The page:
# F and t statistics in a regression

In a multiple linear regression, why is it possible to have a highly significant F statistic (p<.001) but have very high p-values on all the regressor's t tests?

In my model, there are 10 regressors. One has a p-value of 0.1 and the rest are above 0.9

For dealing with this problem see the follow-up question.

-
See also here: how can a regression be significant yet all predictors be non-significant, & for a discussion of the opposite case, see here: significant t-test vs non-significant F-statistic. –  gung Sep 13 '12 at 15:15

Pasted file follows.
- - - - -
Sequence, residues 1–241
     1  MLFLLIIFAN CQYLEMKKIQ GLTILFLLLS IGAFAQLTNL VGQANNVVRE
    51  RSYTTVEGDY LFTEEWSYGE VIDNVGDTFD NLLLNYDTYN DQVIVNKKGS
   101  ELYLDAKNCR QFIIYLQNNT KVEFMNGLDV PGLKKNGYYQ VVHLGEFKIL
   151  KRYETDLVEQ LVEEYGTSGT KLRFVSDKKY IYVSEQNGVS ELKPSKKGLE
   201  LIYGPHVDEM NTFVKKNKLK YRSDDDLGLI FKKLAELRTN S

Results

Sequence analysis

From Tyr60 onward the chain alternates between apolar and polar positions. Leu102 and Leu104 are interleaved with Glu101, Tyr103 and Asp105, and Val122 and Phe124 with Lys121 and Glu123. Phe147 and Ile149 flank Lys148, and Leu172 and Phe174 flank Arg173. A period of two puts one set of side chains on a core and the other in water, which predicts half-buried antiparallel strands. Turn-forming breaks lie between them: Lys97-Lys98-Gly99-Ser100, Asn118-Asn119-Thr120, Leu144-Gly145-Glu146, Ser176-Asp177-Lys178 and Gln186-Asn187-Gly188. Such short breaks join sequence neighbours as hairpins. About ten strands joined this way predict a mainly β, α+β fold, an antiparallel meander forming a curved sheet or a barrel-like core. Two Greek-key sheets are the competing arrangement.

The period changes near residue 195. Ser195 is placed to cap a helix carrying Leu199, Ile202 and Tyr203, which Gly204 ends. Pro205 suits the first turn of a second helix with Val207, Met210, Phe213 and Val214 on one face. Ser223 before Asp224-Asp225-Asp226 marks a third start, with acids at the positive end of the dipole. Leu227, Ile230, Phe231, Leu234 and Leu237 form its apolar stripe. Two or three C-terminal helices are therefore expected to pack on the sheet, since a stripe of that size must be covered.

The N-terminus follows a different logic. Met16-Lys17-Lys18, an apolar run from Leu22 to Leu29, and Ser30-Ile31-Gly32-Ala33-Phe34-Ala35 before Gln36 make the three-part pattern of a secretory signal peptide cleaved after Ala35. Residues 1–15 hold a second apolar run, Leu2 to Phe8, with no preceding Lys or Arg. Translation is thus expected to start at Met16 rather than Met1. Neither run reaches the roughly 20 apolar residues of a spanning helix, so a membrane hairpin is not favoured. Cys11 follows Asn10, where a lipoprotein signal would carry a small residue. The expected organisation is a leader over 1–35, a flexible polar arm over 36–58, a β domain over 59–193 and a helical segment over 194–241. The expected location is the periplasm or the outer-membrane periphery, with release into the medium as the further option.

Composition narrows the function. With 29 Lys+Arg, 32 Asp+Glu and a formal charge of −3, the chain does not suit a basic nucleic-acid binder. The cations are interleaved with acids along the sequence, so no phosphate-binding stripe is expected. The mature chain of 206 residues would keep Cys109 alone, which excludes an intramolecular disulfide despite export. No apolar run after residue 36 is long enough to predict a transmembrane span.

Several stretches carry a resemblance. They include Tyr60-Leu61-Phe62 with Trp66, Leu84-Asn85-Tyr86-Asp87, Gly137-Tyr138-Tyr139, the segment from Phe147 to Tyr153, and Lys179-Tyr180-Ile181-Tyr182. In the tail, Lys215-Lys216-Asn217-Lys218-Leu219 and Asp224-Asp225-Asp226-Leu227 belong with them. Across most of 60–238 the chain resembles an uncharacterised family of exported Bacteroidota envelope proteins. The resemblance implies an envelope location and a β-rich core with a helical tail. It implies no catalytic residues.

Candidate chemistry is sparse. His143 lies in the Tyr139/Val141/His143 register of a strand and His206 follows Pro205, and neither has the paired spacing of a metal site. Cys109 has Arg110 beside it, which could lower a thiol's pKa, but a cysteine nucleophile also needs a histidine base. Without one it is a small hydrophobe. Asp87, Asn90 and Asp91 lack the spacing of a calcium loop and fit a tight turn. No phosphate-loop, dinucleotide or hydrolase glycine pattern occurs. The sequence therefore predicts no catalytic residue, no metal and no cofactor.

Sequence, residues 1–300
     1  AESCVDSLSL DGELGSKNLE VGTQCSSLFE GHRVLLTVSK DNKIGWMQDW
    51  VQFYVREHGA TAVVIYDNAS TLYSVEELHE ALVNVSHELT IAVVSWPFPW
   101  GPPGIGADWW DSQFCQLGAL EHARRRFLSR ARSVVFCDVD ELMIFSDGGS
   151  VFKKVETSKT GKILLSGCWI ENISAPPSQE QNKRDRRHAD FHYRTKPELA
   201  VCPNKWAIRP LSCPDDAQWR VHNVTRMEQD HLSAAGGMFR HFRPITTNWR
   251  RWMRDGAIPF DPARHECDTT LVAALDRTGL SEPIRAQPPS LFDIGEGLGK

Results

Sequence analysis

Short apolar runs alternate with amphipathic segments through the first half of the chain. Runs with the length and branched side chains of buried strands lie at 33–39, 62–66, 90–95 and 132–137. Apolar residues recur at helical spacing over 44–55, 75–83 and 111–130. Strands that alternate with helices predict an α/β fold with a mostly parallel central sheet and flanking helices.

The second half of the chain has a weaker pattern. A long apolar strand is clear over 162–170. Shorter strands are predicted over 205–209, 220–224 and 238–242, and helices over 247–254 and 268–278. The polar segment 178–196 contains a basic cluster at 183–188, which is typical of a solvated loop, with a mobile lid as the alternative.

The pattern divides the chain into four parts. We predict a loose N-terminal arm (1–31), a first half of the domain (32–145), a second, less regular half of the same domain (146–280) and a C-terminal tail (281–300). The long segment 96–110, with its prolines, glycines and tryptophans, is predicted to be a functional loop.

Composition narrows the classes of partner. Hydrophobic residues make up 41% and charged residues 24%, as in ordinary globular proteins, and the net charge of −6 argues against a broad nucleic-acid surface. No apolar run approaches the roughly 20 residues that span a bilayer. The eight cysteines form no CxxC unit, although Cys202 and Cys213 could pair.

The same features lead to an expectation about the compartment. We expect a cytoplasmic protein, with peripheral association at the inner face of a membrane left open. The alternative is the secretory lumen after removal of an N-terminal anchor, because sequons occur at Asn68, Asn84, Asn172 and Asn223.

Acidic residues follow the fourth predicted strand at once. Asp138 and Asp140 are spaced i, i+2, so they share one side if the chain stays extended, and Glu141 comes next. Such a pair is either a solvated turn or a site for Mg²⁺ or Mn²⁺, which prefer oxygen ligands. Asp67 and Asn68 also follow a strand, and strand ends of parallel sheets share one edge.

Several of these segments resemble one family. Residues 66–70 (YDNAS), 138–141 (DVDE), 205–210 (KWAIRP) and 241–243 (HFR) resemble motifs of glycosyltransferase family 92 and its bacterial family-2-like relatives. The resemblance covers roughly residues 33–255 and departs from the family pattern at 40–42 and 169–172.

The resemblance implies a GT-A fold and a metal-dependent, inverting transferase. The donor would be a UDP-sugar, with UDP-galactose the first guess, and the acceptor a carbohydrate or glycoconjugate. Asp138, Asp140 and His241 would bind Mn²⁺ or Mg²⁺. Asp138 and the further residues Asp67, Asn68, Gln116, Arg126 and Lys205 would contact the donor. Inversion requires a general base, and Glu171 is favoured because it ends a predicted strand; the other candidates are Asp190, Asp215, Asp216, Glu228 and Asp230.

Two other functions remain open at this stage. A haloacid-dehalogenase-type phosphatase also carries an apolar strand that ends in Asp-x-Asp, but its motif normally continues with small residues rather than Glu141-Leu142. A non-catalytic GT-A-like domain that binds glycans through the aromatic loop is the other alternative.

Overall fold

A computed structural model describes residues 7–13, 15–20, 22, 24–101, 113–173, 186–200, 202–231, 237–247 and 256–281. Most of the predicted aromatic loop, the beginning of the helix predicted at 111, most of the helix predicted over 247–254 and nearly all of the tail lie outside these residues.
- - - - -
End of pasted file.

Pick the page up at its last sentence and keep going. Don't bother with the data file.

As Rob mentions, this occurs when you have highly correlated variables. The standard example I use is predicting weight from shoe size. You can predict weight equally well with the right or left shoe size. But together it doesn't work out.

Brief simulation example

RSS = 3:10 #Right shoe size

##Fit a joint model
m = lm(weights ~ LSS + RSS)

##F-value is very small, but neither LSS or RSS are significant
summary(m)

##Fitting RSS or LSS separately gives a significant result.
summary(lm(weights ~ LSS))

-
+1:> faily good way to make it intuitive. –  user603 Oct 13 '10 at 13:17
(+1) Very nice example! –  chl Oct 13 '10 at 13:25
It is interesting and important to note that both of your models predict equally well, in this case. High correlations among predictors are not necessarily a problem for prediction. Multicolinearity is only a problem when 1) analysts try to inappropriately interpret multiple regression coefficients; 2) the model is not estimable; and 3) SEs are inflated and coefficients are unstable. –  Brett Magill Jun 9 '11 at 14:27